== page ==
Hakomi is a type of therapy that involves paying attention to what is going on in the body. For example, we might have someone focus their attention inside their body to find where the anxiety is located. What is it saying? Does it move around?

When we help individuals be mindful of how these states of mind feel, they aren’t as likely to fall prey to them. For example, if we identify that an angry part has shown up, and we know because we felt the jaw tense or the urge to push or punch, we can step back and watch the mindset. From this place, we have a choice point. With teenagers, it helps to do role plays, movement activities or take walks as we become aware of these different states of mind. We might have them draw the state of mind or anxiety. This helps externalize it.

To take it a step further, IFS Therapy, or Internal Family Systems, is a therapy where we unburden these states of mind by expressing them, naming them, and noticing the important role they play in protecting us.

Internal Family Systems (IFS)

Internal Family Systems (IFS) therapy is based on the idea that the mind is made up of multiple sub-personalities or “parts”. Each of these parts has its own viewpoints, emotions, and characteristics.

In IFS therapy, the therapist will help the client identify and understand each of the parts that make them whole. By deepening the relationship with each part, there is an opportunity to gain insight into the patterns and beliefs causing distress.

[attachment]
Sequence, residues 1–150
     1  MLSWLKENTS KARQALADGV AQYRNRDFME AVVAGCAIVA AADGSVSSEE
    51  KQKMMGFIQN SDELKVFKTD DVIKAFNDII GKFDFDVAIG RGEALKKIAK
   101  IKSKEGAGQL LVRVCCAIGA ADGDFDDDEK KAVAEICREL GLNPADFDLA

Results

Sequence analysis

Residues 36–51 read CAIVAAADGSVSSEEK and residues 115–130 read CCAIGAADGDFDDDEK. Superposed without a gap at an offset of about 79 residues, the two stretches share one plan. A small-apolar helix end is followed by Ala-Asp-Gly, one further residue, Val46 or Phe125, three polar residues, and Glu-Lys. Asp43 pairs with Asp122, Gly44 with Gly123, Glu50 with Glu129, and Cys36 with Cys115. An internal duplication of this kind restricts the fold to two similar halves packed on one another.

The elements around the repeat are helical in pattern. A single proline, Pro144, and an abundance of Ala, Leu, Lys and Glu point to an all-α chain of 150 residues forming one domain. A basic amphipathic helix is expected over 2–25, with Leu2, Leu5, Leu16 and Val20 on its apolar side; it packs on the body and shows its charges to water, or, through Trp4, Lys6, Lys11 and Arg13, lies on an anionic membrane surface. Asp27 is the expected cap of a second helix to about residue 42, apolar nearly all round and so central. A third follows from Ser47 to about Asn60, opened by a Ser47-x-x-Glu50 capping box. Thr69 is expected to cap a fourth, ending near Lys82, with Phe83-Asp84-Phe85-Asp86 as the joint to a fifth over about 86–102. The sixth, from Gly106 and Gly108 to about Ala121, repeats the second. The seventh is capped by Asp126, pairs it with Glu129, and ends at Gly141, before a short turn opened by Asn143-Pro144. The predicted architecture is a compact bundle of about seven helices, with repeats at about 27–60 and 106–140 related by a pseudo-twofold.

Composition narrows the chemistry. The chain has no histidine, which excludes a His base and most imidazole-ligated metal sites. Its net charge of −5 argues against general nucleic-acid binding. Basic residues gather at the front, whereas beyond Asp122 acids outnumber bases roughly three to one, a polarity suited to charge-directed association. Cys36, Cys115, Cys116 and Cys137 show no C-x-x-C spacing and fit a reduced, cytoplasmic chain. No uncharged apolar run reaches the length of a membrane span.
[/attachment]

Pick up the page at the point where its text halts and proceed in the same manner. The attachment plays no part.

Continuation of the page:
IFS is used for a variety of concerns, including trauma, depression, anxiety, and interpersonal relationships. It can also be used for personal growth, self-understanding, and self-development.

Start feeling more whole by understanding the “parts” that make you you!

Mindfulness-Based Therapy

Mindfulness-based therapy is a therapeutic approach that integrates mindfulness and Cognitive-Behavioral Therapy (CBT). It aims to help individuals cultivate awareness and acceptance of their thoughts, emotions, and experiences. The goal of mindfulness-based therapy is to reduce the distress caused by thoughts, emotions, and experiences to improve overall well-being. The exact approach will depend on your needs and your therapist. However, you will be encouraged to engage in meditation and/or mindfulness practices. This may include breathing exercises, mindful movement, and body scans. As part of mindfulness-based therapy, you may be asked to work towards identifying and challenging negative thought patterns so you can develop positive coping skills. This modality is used for a variety of mental health concerns, including anxiety, stress, depression, and chronic pain. By creating an increased sense of connection to the self and others, you can experience a greater sense of purpose in life.

Solution Focused Brief Therapy (SFBT)

Solution Focused Brief Therapy (SFBT) is a collaborative approach to therapy that focuses on identifying and achieving goals in the present while keeping the future in mind. SFBT is widely used to help people with a range of psychological and emotional conditions such as depression, anxiety, post-traumatic stress disorder, relationship issues, and more. It is based on the belief that clients are experts in their own lives and have the capacity to resolve their own issues. By focusing on what’s working and what can be changed, SFBT offers a positive outlook and a sense of empowerment that can help clients achieve their desired outcomes quickly and efficiently.